Next up was another stellar bit of fish cookery, with a salt aged turbot (can’t remember exactly how long, due to my faltering memory, but it was longer than I expected) leading to a firming up of the flesh. This was cooked like the Basque do, in metal cages over open flame, al a Elkano in Getaria and really gave what is known as the King of fish it’s due deference.
The flesh had a lovely meatiness to it that worked really well with the umaminess of the dashi broth. Cockles were briney pearls of sweetness, whilst dainty florets of broccoli brought both earthiness and a touch more sweetness to the equation.
The beauty of this dish was every element worked to centre and showcase the turbot, always working to compliment and enhance it rather than trying to be too clever and creating conflicting flavours that take away from the centre piece fish.
Tricky to say which of the scallop and the turbot dishes will be my fish dish of the year come my annual year end round up, but I very much doubt either will be beaten.
A touch of decadence followed, with crispy turbot skin scratchings (very much the “Jeff Bezos” billionaire scratching to the “me” pub piggie scratching)
This was matched with oscietra caviar and sour cream making for a rather ostentatious dip.
The genius here was the turbot skin. Packed with flavour, it was so light and crunchy, but with weight and struture. Nothing powder puff about this. I would happy pay top dollar for these packaged up as a wine snack – great with a top notch white rioja (an aged Vina Tondonia Gran Reserva – if you are Grange man – or Remelluri – if me – would be my preference) I reckon.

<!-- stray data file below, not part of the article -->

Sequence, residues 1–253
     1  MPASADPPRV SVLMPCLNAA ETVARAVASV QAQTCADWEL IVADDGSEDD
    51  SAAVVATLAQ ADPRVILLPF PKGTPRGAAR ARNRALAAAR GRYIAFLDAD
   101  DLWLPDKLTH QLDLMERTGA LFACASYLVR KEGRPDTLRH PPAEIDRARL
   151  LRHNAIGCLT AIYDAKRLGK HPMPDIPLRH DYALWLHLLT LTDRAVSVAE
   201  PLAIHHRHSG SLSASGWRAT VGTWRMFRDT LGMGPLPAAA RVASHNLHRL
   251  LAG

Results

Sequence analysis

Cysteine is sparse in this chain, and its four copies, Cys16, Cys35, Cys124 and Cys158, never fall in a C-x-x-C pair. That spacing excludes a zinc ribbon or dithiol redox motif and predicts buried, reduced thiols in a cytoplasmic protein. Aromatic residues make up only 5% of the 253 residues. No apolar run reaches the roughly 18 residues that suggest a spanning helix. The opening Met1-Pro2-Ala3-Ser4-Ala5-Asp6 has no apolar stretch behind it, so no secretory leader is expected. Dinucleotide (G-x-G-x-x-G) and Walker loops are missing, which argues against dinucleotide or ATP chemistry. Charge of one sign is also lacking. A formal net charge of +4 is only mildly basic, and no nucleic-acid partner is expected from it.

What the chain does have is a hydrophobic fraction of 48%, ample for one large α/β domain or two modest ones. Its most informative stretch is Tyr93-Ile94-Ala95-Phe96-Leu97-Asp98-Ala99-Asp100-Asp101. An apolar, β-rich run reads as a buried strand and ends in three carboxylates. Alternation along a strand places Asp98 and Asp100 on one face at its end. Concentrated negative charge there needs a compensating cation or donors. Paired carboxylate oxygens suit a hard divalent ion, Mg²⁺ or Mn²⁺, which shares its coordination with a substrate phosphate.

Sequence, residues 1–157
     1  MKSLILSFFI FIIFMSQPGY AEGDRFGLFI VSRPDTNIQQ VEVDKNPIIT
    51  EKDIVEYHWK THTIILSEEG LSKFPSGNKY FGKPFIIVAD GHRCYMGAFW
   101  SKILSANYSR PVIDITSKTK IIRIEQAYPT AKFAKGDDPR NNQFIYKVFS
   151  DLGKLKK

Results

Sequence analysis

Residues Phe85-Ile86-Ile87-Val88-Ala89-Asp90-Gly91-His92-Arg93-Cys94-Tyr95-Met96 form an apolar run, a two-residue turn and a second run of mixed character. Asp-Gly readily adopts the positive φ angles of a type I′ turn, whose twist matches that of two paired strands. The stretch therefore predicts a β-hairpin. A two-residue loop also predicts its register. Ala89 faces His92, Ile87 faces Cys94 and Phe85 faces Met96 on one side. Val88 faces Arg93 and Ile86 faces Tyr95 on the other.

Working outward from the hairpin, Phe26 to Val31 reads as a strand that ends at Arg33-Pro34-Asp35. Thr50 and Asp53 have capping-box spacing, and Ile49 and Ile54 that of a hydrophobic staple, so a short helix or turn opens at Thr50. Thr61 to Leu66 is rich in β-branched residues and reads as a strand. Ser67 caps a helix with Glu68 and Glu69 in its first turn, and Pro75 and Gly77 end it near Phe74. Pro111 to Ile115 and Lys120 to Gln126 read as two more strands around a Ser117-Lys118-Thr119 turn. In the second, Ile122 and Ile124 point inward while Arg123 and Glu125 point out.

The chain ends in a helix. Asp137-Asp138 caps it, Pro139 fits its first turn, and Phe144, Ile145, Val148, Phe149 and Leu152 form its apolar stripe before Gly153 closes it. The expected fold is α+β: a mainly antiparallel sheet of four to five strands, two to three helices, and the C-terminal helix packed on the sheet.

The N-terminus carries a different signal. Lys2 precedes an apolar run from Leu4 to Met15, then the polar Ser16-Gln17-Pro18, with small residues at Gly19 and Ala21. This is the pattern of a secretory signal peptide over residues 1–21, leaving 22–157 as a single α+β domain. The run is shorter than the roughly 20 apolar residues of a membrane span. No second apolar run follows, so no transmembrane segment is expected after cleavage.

They didn’t really need the oscietra caviar, which was regardless very nice having a distinct nuttiness to it that would have worked a treat with a quality fino (more on the wine later on) – an Urium fino en rama or a dos palmas fino from Gonzalez Byass.
Only one meat course (I was keeping a beady eye on Grange man to see if he neck the lot at this point), but it was a doozy both visually (despite my shxte photographic skills)
and on the flavour front.
It was introduced to us by the sous chef, a very affable scouser who looked about 15 but clearly has more cooking talent in an atom in his little finger than the likes of me.
The loin was cooked ruby rare and was as close as is allowable to it still baaing. Glorious flavour to this, with a distinct herby fragrance.
A piece of breast had clearly been cooked low and very slow before a surge of heat was applied to get an exterior char. It slipped off the bone with the merest nudge from my fork, but retained a crisp fat rich shell. Very underrated cut lamb breast (not belly, never belly, in my book). A sweet shallot had been cooked in lamb fat, as had the crumbed top. A herb oil and a black garlic puree added more really punchy flavours, without detracting from star of the show, the lamb – as it should be. Lovely dish this
The optional cheese course (£15), done the French way as a prelude to dessert, split Mrs. SF and I. She was really not keen, whereas I rather enjoyed it although I am not sure I would be that fussed about paying the £15 x 2 supplement if offered the choice again (mainly because I am a tight git).
The dish (as is the mantra here) focussed on local ingredients with creamy Pen Helyg cheese (subject to a touch of the blow torch) and a positive blizzard of Welsh autumn truffle.